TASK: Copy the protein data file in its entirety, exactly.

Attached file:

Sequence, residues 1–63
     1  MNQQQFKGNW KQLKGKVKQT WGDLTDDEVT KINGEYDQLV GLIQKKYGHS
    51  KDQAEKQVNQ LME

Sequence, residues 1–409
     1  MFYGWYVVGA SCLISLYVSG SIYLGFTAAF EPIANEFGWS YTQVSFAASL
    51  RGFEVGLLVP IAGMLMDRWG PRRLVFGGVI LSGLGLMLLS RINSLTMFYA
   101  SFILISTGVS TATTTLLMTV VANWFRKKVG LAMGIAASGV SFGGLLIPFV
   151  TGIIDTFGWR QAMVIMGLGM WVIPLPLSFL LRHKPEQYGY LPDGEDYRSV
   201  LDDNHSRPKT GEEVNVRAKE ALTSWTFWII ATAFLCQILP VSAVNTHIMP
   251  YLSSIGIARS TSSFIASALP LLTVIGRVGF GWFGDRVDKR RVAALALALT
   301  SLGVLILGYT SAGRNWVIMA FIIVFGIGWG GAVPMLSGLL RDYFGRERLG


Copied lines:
Sequence, residues 1–63
     1  MNQQQFKGNW KQLKGKVKQT WGDLTDDEVT KINGEYDQLV GLIQKKYGHS
    51  KDQAEKQVNQ LME

Sequence, residues 1–409
     1  MFYGWYVVGA SCLISLYVSG SIYLGFTAAF EPIANEFGWS YTQVSFAASL
    51  RGFEVGLLVP IAGMLMDRWG PRRLVFGGVI LSGLGLMLLS RINSLTMFYA
   101  SFILISTGVS TATTTLLMTV VANWFRKKVG LAMGIAASGV SFGGLLIPFV
   151  TGIIDTFGWR QAMVIMGLGM WVIPLPLSFL LRHKPEQYGY LPDGEDYRSV
   201  LDDNHSRPKT GEEVNVRAKE ALTSWTFWII ATAFLCQILP VSAVNTHIMP
   251  YLSSIGIARS TSSFIASALP LLTVIGRVGF GWFGDRVDKR RVAALALALT
   301  SLGVLILGYT SAGRNWVIMA FIIVFGIGWG GAVPMLSGLL RDYFGRERLG